North Korean officials said in talks with Mr. Kelly that they had abandoned the 1994 agreement, saying that the United States had violated the accord.
Despite what the Bush administration has deemed a "material breach" of the Agreed Framework, State Department spokesman Richard Boucher yesterday declined to say the accord was now null and void.
"North Korea is in serious violation of that framework, and we're consulting with others about what the appropriate steps might be for us to take if North Korea does not eliminate this program in a verifiable manner," Mr. Boucher said.
The U.S.-led international consortium formed to implement the deal, known as the Korean Peninsula Energy Development Organization, or KEDO, poured the foundations for the first of the nuclear power plants in August.
South Korea and Japan are to pay for the plants, costing about $4.5 billion, and the United States is to pay for fuel oil until the plants are up and running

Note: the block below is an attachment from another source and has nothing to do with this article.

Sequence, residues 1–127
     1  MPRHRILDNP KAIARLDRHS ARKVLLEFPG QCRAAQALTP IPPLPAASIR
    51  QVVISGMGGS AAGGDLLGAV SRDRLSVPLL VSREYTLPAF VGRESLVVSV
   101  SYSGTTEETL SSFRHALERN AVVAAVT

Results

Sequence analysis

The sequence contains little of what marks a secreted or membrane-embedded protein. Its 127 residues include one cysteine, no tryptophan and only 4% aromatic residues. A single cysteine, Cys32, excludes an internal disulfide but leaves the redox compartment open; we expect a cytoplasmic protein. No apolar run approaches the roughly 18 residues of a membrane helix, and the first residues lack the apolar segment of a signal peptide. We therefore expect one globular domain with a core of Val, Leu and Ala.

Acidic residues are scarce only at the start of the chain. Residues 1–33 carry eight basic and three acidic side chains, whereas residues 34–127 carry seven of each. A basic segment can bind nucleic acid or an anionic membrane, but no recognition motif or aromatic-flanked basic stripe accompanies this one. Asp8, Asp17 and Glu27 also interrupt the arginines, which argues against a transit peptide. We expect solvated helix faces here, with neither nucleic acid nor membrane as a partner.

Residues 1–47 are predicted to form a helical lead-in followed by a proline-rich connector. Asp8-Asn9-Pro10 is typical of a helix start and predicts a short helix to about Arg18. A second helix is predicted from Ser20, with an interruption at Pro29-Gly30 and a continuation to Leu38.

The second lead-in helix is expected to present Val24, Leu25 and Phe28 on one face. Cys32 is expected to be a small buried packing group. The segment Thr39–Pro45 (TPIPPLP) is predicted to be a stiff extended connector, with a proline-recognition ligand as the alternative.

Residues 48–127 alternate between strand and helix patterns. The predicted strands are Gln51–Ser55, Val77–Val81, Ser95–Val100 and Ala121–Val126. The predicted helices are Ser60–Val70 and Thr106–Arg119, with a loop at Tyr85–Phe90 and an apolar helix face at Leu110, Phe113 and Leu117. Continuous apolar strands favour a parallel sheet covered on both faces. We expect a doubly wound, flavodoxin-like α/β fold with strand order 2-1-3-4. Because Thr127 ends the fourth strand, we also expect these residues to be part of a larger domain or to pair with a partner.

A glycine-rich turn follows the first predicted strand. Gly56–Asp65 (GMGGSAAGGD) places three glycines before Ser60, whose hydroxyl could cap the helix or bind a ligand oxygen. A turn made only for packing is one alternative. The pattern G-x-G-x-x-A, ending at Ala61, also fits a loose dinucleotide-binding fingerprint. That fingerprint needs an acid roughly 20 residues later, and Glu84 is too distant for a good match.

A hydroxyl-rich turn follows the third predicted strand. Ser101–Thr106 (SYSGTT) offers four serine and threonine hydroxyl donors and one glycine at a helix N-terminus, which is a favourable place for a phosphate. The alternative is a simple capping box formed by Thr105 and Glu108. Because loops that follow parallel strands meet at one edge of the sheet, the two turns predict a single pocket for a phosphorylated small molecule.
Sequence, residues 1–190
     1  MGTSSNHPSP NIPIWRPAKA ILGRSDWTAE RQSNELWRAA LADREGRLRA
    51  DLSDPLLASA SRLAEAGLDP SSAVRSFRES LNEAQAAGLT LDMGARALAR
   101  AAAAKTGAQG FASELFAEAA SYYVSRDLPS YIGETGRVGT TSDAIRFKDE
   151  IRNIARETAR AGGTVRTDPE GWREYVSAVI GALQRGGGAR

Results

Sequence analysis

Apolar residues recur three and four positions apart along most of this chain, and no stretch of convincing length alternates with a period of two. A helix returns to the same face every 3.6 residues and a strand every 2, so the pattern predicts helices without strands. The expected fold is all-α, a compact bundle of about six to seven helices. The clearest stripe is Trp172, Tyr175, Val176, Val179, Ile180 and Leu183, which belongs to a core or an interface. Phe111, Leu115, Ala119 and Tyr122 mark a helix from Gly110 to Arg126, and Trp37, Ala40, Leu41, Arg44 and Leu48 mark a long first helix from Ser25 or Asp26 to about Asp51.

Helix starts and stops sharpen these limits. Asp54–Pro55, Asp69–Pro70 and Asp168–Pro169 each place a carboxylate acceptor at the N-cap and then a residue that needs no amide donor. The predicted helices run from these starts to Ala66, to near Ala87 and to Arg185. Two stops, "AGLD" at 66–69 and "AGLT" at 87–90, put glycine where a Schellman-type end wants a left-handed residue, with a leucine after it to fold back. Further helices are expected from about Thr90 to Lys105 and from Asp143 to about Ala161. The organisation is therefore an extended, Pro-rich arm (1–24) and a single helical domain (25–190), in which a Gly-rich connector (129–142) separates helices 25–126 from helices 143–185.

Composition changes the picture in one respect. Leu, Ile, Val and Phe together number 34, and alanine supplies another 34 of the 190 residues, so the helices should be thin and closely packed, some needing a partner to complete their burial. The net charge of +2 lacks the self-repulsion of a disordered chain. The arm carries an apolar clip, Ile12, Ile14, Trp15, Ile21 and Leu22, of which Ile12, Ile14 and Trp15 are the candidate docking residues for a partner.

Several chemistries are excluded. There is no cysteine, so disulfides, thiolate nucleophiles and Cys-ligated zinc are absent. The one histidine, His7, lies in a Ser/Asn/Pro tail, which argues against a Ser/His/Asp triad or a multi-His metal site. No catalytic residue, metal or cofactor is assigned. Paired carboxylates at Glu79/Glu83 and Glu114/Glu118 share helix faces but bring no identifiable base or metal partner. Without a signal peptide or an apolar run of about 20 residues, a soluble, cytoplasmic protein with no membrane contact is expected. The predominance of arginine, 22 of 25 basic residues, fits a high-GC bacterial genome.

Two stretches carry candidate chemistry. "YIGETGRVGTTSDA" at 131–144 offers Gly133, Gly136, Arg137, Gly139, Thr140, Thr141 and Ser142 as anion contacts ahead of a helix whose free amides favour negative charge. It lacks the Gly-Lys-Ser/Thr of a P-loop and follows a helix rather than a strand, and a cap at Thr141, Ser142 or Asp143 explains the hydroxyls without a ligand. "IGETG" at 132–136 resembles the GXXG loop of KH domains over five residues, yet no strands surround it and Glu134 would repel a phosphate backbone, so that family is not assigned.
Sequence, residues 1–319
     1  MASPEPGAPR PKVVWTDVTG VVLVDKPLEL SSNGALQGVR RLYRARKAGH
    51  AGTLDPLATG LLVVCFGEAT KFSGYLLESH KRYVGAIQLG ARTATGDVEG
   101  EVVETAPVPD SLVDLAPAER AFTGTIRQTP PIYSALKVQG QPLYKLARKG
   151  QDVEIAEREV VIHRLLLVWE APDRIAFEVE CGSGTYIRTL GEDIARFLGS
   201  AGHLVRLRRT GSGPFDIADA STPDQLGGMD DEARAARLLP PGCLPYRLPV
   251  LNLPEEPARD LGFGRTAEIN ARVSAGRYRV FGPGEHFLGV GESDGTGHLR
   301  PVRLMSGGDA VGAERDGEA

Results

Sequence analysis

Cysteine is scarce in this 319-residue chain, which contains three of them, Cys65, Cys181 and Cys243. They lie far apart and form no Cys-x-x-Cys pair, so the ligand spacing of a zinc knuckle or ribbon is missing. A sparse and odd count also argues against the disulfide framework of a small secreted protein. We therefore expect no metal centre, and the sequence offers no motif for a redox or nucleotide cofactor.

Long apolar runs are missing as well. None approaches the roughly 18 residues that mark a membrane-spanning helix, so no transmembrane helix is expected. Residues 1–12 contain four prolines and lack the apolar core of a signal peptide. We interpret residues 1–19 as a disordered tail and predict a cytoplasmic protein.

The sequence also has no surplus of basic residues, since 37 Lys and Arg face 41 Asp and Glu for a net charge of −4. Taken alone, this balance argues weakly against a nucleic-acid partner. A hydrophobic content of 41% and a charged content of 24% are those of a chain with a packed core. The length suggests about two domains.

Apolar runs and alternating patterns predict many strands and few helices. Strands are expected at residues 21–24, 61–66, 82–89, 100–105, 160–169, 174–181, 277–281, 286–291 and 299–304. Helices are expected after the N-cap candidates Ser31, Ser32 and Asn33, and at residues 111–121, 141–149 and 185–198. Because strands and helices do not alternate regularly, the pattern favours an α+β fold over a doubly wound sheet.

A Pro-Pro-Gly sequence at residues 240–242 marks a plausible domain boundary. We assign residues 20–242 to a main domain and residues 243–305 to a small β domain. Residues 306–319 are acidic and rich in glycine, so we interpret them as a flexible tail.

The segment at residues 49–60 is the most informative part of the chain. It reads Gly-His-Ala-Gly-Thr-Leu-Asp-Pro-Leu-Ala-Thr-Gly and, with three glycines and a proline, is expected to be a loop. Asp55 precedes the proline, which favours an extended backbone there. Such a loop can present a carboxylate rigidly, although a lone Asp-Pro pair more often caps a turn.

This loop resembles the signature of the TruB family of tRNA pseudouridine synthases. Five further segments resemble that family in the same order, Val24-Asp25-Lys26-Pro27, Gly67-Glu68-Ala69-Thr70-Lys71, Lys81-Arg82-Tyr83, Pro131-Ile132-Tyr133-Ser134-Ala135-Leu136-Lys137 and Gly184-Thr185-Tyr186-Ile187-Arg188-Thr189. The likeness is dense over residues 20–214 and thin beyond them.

State Department envoy Jack Pritchard attended the August ceremony, even though the U.S. government had determined weeks earlier that North Korea was cheating.
"A concrete-pouring is a concrete-pouring," said Mr. Boucher, who said the decision on whether to proceed with KEDO projects was also on hold as the administration consulted allies.
The North Korean admission left regional players scrambling to adjust.
The apparent collapse of the basic anti-nuclear agreement for the long-troubled Korean Peninsula clashed sharply with what had been seen as a thawing of Pyongyang's hostile relations with South Korea and Japan dating back to the early days of the Cold War.
South Korean President Kim Dae-jung's "sunshine policy," seeking a rapprochement with the North, has come under increasing domestic criticism in the current presidential race. Opposition critics of Mr. Kim's plan seized on the U.S. announcement to press their argument that the effort was misguided.
"If true, it's shocking and shatters the very foundation of U.S.-North Korean relations as well as inter-Korean relations," said Nam Gyung-pil, spokesman for the opposition Grand National Party.